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November 5, 2009
Homily: AIDS/HIV/Hepatitis C Awareness Mass
This annual Mass is coordinated by the archdiocesan Office of Social Ministry.
First of all, on behalf of Archbishop Charles Chaput, the Archbishop of Denver, my brother priests, deacons, Fr. Tom Carzon, I would like to welcome all of you to Holy Ghost Catholic Church, a beautiful spot in downtown Denver, to this special Mass for those living with HIV/AIDS and Hepatitis C and to those caregivers, family members, friends, and anyone affected by HIV/AIDS and Hepatitis C.
We also remember, in a special way, our brothers and sisters who have gone to their eternal rest as a result of this disease, may they rest in peace.
In our first reading for today’s Mass we hear St. Paul writing to the Romans. St. Paul wrote this letter from Corinth in Greece, which was an extremely important province of the Roman Empire. It was a real crossroads between the east and the west and anyone traveling to Rome from the east very likely passed through Corinth. Paul is writing in about 58 AD and when Nero, the Roman Emperor was rising to power. He eventually banished the Jews from Rome and many found their way to Corinth, being Roman citizens, like Paul.
A number of these Roman Jews became Christians and St. Paul is addressing his messages to them. He is telling them and us that in life and death we belong to the Lord. Each one of us will stand before the judgment seat of God, and we must give an account of our lives before Him who sees and knows all things. The month of November is a time of the year when we take a good hard look at the Last Things, death, judgment, heaven and hell.
When we go before the Lord in the final judgment he will look into our heart and judge us as to what we did in our lives with what we were given. To each of us the Lord lavishes abundant grace. If we tried to live for him to the best of our ability in his grace, we have no reason to fear, “But each one of us will one day give an account before God.”
And the Lord wants us to succeed! He does everything he can to put the odds in our favor. Today’s gospel teaches to what length the Lord will go, to even save one sinner. He will risk everything to save one soul, even the 99 righteous souls, just to save the one sinner.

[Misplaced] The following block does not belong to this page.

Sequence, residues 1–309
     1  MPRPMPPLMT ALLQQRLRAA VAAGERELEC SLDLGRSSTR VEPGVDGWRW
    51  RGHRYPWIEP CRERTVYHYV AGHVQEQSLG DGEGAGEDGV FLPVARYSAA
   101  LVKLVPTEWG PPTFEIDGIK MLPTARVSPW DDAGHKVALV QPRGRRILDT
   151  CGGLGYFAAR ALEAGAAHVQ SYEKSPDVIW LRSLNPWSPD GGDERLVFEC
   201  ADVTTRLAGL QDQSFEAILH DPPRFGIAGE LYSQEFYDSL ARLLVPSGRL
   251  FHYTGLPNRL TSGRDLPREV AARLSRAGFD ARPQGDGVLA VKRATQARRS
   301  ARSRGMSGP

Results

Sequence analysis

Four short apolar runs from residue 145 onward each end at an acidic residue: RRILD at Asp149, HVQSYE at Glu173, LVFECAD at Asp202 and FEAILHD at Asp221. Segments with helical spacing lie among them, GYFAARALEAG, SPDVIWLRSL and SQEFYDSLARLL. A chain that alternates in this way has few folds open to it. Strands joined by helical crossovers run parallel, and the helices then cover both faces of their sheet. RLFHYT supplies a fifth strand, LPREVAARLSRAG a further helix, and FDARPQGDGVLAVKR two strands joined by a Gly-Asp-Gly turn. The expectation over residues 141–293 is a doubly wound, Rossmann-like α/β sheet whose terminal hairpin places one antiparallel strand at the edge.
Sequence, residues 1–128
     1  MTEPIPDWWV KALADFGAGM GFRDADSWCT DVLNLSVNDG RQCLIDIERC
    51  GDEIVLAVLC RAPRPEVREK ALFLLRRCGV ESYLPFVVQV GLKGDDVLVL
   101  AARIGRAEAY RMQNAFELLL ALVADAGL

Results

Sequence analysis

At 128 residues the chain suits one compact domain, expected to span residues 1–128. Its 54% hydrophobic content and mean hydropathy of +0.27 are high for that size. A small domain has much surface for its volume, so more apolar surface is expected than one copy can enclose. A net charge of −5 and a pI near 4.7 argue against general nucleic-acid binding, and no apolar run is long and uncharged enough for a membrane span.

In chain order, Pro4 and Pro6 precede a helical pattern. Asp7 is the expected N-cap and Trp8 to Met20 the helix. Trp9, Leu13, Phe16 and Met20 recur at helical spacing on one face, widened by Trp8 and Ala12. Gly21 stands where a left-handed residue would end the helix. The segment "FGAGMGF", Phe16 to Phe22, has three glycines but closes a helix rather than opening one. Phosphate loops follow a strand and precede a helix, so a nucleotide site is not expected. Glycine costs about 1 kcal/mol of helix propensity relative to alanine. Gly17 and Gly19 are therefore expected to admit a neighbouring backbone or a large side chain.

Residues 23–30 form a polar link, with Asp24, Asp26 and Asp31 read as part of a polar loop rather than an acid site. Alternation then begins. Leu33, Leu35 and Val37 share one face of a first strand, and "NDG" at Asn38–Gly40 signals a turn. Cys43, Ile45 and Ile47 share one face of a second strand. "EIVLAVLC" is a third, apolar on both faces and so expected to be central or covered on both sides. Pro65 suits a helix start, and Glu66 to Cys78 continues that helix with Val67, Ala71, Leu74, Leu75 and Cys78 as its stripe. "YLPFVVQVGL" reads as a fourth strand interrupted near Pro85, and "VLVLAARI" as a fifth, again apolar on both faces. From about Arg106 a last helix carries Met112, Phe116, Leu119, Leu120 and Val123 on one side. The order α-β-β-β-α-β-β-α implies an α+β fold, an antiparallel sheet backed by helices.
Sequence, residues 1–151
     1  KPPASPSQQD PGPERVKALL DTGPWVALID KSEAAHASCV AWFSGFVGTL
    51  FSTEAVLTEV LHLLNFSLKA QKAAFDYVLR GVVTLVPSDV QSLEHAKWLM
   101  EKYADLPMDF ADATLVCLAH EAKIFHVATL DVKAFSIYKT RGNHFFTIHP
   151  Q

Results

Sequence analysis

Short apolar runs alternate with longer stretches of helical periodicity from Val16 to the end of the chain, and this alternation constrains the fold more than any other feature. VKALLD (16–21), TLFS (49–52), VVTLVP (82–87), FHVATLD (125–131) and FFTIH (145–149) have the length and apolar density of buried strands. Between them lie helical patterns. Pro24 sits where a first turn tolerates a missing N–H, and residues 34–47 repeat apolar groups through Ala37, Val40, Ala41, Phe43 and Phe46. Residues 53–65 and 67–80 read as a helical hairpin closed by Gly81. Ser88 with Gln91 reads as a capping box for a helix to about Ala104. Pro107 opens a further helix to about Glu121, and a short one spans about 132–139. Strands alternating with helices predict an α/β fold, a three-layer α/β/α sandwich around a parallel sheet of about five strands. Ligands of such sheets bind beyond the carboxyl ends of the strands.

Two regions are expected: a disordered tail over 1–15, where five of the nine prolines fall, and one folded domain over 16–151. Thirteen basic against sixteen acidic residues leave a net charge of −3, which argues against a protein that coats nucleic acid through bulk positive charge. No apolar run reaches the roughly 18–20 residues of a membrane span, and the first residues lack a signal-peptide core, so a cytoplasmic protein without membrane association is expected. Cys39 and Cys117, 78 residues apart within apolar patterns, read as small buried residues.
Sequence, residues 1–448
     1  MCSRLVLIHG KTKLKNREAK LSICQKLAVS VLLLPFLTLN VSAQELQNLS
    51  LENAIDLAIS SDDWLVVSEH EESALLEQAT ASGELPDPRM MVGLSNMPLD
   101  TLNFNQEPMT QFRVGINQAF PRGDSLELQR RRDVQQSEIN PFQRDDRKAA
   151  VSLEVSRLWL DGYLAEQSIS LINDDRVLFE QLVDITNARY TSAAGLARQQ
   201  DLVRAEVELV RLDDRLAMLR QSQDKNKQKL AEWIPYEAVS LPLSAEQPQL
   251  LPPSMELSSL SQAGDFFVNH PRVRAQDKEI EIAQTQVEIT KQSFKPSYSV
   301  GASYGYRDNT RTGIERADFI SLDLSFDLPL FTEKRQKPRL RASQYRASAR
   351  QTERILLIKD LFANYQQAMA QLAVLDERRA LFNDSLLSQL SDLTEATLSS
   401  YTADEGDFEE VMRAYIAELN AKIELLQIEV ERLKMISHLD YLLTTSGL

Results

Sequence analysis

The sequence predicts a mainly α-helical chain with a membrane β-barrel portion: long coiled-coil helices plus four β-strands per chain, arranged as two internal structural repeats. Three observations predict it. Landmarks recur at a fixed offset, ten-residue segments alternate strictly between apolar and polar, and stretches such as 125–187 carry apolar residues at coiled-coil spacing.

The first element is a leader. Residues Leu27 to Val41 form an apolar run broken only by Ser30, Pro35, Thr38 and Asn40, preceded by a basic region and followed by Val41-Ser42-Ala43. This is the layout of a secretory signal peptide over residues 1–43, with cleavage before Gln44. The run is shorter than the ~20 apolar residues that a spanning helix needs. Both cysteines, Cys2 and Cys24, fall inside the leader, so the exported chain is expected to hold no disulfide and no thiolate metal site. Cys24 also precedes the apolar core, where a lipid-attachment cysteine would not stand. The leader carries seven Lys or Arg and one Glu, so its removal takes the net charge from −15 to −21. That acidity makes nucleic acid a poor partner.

As Jesus says, “there will be more rejoicing in heaven over one sinner who repents than over 99 righteous people who have no need of repentance.”
This parable begins with the Pharisees objecting to the fact that Jesus is dining with sinners, with the publicans, with the outcasts of society. We know that Jesus never shunned any group and those who were most alienated from society, he made it a point to reach out to them.
A few weeks ago, in St. Peter’s Square, Pope Benedict XVI canonized five new saints, one being St. Damien de Veuster, Damien the leper saint of Molokai in the Hawaiian Islands, on October 11.
Fr. Damien, a missionary priest, who left his native Belgium to serve the lepers on the island of Molokai, the outcast and abandoned, to reach out and comfort them in their suffering.
In a letter to the Holy Father two days before the canonization, President Barack Obama, who was largely raised in Hawaii, issued this statement: “Father Damien challenged the stigmatizing effects of the disease, giving voice to the voiceless and ultimately sacrificing his own life to bring dignity to so many.”
The President drew parallels between leprosy and diseases such as HIV/AIDS that afflict millions around the world today, saying, “We should draw on the example of Father Damien’s resolve in answering the urgent call to heal and care for the sick.”
This is the kind of zeal we all need in our hearts to reach out to those who are suffering and in need.
To see the face of Jesus in every person, particularly in face of the poorest of the poor, in the outcast and in the abandoned.
We are grateful to the Missionaries of Charity who for so long have ministered to those dying of AIDS at Seton House and who continue their mission of mercy at the homeless shelter for women next to St. Joe’s parish.